On a sunny Saturday morning in Oakland, The Watershed Project led the Melrose Leadership Academy school community in planting a new swale and natural play area on the edge of their large paved playground. TWP partnered with the Trust for Public Land on this greening project that removed large swaths of asphalt to create natural play spaces. Contractors removed the pavement, graded the earth and installed the curbs and log benches, and The Watershed Project worked with the school community to plant the newly created spaces with native plants and trees. Stormwater management was one driver of the project, but Melrose students will feel the benefit of the trees, plants and shade.
On the community workday, kids formed a bucket brigade to move two large piles of mulch into the newly planted areas that arose from the asphalt. A father showed his son how to hammer a nail into a tree stake, while a graduate of The Watershed Project’s Green Collar Corps patiently taught youngsters how to saw. Parents, students, teachers, and administrators came together to build an experiment in urban greening—a small oasis in the midst of a paved landscape that filters urban runoff, provides shade for the playground, and offers habitat for pollinators.
Having plants in a playground setting will take some getting used to and will require a stewardship plan. In fact, after the area was planted, students wanted to know if they were allowed to go into the swale, to retrieve a ball or just to play. Often, on school campuses, the only green spaces are on the edge of the school and are certainly not accessible. One approach to protecting natural areas is to fence them off, but what better place to educate students, staff, and parents about how to take care of a bioswale than on a school campus?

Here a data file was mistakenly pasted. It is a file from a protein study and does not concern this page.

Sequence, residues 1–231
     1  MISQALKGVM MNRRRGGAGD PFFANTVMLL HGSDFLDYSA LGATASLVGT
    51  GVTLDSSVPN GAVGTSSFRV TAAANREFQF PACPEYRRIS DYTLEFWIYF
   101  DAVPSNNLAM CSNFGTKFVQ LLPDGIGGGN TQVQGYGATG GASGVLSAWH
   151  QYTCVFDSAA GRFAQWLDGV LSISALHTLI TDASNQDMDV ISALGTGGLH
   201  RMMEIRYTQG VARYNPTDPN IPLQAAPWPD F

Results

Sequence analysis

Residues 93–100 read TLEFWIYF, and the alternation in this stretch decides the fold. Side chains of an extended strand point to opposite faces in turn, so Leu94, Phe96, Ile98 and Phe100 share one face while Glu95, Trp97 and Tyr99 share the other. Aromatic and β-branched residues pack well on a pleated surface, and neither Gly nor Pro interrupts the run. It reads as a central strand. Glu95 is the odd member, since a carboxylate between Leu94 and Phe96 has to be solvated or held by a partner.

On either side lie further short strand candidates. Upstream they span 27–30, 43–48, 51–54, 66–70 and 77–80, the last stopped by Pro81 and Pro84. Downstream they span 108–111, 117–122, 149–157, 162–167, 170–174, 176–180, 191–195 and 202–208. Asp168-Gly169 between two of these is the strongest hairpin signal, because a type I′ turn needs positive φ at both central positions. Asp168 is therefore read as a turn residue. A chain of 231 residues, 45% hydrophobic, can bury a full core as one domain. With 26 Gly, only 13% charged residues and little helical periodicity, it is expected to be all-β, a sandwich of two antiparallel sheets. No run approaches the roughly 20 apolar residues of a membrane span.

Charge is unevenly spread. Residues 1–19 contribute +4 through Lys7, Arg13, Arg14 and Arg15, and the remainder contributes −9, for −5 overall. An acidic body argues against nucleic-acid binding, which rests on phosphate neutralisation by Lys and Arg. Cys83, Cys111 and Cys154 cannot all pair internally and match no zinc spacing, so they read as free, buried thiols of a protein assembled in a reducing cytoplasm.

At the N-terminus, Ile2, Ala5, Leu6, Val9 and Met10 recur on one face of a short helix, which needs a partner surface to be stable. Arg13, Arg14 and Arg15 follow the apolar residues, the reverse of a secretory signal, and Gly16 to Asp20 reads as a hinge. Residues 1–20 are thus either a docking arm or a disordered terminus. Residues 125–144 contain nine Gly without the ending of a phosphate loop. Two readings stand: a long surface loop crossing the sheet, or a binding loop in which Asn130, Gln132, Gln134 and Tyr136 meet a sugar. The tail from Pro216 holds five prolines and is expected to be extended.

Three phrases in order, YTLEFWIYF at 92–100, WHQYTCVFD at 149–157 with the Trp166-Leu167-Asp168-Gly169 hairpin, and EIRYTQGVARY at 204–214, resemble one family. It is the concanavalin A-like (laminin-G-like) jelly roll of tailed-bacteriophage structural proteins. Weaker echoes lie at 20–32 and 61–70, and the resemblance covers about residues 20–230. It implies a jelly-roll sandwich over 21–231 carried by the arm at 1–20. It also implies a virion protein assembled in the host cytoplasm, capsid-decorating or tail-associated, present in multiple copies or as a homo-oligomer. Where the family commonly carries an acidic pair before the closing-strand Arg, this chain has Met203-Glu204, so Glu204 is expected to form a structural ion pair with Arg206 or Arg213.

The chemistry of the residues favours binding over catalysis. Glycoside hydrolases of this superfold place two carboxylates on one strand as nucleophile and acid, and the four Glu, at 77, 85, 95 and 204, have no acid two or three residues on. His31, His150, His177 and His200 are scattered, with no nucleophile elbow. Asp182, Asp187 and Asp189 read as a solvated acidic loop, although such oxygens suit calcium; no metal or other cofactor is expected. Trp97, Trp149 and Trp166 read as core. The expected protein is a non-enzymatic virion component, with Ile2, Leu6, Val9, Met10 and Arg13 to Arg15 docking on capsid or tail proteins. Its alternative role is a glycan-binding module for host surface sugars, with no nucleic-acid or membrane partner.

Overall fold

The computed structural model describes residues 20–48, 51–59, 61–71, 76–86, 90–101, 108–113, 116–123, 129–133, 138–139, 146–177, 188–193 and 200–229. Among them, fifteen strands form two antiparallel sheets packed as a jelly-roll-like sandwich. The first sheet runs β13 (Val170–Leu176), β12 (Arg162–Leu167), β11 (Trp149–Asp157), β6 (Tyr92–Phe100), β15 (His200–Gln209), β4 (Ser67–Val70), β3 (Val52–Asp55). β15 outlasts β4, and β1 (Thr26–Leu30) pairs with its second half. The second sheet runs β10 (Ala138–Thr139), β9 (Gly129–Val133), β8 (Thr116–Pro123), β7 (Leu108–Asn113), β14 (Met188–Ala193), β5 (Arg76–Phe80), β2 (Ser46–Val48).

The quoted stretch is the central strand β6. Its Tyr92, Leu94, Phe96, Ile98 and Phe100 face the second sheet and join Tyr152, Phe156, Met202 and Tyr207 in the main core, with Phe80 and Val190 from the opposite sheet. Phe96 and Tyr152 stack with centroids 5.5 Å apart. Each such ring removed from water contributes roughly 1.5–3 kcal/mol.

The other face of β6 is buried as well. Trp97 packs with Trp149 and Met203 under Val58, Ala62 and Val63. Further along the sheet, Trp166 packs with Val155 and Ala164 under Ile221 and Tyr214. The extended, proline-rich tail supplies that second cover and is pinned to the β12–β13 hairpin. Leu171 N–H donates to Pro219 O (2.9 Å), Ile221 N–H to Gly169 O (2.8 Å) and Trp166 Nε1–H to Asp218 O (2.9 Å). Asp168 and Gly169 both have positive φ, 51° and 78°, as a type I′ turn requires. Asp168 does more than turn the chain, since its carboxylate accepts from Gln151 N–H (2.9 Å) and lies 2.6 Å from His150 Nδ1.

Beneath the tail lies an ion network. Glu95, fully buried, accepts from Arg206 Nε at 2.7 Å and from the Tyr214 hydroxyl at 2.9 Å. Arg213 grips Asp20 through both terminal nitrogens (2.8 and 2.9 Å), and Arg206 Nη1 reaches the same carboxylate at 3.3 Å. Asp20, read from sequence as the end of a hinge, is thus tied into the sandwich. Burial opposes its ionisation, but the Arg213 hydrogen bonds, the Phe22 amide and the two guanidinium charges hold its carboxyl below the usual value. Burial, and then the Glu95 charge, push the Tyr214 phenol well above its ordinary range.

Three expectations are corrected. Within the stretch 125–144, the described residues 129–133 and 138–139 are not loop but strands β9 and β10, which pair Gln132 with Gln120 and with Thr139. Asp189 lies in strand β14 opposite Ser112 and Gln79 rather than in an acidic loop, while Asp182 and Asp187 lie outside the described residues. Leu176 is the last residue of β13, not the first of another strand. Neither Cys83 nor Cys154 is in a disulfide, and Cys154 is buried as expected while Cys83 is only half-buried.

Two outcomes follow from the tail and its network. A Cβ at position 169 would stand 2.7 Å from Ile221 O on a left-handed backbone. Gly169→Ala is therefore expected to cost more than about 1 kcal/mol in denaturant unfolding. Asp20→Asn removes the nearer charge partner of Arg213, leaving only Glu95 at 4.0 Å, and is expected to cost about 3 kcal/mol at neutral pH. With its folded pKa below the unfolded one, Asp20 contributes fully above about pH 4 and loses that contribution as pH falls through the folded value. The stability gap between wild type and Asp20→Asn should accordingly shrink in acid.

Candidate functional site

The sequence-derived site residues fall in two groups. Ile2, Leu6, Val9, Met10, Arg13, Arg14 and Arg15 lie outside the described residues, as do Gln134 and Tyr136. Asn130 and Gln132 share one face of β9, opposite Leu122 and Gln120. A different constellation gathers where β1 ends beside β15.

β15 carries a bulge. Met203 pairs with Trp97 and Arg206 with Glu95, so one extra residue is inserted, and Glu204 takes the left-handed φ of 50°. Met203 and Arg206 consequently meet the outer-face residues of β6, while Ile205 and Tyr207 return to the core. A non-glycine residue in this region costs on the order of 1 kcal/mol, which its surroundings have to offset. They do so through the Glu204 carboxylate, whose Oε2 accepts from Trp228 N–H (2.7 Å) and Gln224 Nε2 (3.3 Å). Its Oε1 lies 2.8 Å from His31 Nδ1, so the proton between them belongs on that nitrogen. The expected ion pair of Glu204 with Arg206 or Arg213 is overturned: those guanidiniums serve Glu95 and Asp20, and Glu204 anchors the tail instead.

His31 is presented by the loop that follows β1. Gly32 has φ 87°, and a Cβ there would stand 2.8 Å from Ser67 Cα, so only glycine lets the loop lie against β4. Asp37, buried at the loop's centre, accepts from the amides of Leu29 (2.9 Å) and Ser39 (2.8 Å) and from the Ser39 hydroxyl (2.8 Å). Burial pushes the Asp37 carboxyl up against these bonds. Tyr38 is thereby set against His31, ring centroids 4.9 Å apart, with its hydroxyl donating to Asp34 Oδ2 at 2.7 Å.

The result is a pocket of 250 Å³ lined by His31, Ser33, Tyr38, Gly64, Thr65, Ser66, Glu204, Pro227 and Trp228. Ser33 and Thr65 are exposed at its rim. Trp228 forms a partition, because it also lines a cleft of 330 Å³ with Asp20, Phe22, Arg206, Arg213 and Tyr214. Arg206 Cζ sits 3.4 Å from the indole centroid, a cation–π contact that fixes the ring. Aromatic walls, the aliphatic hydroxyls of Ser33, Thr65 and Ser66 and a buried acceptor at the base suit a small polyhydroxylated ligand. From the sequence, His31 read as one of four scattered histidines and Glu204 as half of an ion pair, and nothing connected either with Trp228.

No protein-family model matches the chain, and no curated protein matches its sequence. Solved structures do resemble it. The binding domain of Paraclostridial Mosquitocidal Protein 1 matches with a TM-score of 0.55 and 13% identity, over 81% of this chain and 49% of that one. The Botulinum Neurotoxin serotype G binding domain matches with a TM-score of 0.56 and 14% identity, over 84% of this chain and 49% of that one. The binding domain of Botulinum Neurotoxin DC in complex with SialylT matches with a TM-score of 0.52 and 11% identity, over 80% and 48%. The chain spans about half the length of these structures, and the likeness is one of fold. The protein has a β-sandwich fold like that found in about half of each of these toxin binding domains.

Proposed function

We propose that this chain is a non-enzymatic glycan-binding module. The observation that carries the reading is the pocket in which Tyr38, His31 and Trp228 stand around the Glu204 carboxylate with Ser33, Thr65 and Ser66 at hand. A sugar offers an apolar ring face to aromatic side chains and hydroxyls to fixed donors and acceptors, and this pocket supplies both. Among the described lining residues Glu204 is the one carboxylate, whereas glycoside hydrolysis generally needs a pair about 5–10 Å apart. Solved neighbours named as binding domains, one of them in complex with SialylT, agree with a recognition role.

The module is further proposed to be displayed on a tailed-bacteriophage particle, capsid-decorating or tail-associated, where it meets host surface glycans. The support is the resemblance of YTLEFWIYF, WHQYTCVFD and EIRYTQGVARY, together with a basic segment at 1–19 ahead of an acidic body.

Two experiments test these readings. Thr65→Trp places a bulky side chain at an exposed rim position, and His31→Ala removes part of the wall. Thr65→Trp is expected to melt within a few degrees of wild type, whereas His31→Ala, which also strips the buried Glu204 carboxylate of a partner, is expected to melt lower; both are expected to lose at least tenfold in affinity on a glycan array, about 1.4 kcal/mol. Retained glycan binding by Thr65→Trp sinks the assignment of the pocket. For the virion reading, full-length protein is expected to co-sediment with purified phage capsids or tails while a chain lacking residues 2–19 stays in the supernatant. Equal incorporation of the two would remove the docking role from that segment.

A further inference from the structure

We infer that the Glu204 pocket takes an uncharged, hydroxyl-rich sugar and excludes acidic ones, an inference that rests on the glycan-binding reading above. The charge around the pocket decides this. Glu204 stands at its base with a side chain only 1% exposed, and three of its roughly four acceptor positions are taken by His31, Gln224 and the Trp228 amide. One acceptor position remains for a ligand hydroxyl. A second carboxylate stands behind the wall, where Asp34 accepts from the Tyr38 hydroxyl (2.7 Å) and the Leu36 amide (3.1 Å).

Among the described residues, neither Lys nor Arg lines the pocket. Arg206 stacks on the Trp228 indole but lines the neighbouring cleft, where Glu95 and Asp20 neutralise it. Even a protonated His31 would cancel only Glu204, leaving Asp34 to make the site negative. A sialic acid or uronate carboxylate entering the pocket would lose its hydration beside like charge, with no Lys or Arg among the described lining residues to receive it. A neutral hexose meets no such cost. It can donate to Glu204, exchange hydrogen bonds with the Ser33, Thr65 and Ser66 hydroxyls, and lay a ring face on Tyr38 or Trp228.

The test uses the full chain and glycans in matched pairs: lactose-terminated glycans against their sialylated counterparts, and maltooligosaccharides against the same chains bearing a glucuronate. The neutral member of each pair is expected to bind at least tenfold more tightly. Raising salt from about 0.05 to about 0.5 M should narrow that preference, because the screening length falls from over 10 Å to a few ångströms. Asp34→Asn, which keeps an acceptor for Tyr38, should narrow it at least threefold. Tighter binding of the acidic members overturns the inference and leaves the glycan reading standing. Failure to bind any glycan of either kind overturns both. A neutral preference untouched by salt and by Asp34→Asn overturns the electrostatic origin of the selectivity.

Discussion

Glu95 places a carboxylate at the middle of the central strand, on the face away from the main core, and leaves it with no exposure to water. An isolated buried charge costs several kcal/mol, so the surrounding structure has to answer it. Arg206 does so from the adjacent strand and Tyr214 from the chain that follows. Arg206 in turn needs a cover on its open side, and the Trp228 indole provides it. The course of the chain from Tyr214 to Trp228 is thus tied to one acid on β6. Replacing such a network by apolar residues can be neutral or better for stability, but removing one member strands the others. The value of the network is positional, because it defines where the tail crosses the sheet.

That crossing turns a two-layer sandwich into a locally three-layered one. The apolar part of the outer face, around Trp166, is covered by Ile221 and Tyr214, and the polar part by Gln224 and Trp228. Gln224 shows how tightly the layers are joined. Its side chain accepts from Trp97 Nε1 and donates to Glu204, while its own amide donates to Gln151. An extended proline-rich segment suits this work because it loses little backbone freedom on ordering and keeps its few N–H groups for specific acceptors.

The Watershed Project’s Wild Green Schools program has students engage in bioswale design and explore urban runoff and the pollutants found in stormwater that bioswales are designed to filter out of the environment. At Melrose, a group of 6th graders tested how plants in a bioswale filter stormwater using mini bioswale models planted with real plants. Complete with a deeper understanding and appreciation for the work that the bioswale is doing for the school community, these students will lead by example in caring for the plants. They will be joined by a parent-led Green Team and further supported by the Food Corps gardening program staff.
Ultimately, the success of projects such as this depends on establishing connections and building positive relationships. The Watershed Project acts as a bridge between the project funder, the contractor, the school district’s maintenance staff, the Melrose school community, and the natural environment. A spirit of willingness to adapt, change, and grow with the new landscapes will make Melrose a more resilient school community.